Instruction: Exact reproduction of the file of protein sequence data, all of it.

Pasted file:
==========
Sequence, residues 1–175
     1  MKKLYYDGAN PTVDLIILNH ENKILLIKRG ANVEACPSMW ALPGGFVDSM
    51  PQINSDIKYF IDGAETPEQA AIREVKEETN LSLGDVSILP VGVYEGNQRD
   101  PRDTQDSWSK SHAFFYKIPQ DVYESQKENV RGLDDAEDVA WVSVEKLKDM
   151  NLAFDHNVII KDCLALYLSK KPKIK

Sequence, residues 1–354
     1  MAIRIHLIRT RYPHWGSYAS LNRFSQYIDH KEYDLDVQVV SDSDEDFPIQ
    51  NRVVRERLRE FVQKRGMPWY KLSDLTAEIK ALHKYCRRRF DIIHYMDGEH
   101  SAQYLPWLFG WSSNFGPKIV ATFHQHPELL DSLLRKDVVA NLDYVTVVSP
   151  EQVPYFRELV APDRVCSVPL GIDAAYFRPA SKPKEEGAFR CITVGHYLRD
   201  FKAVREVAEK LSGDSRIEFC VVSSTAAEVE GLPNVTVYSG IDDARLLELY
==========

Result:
Sequence, residues 1–175
     1  MKKLYYDGAN PTVDLIILNH ENKILLIKRG ANVEACPSMW ALPGGFVDSM
    51  PQINSDIKYF IDGAETPEQA AIREVKEETN LSLGDVSILP VGVYEGNQRD
   101  PRDTQDSWSK SHAFFYKIPQ DVYESQKENV RGLDDAEDVA WVSVEKLKDM
   151  NLAFDHNVII KDCLALYLSK KPKIK

Sequence, residues 1–354
     1  MAIRIHLIRT RYPHWGSYAS LNRFSQYIDH KEYDLDVQVV SDSDEDFPIQ
    51  NRVVRERLRE FVQKRGMPWY KLSDLTAEIK ALHKYCRRRF DIIHYMDGEH
   101  SAQYLPWLFG WSSNFGPKIV ATFHQHPELL DSLLRKDVVA NLDYVTVVSP
   151  EQVPYFRELV APDRVCSVPL GIDAAYFRPA SKPKEEGAFR CITVGHYLRD
   201  FKAVREVAEK LSGDSRIEFC VVSSTAAEVE GLPNVTVYSG IDDARLLELY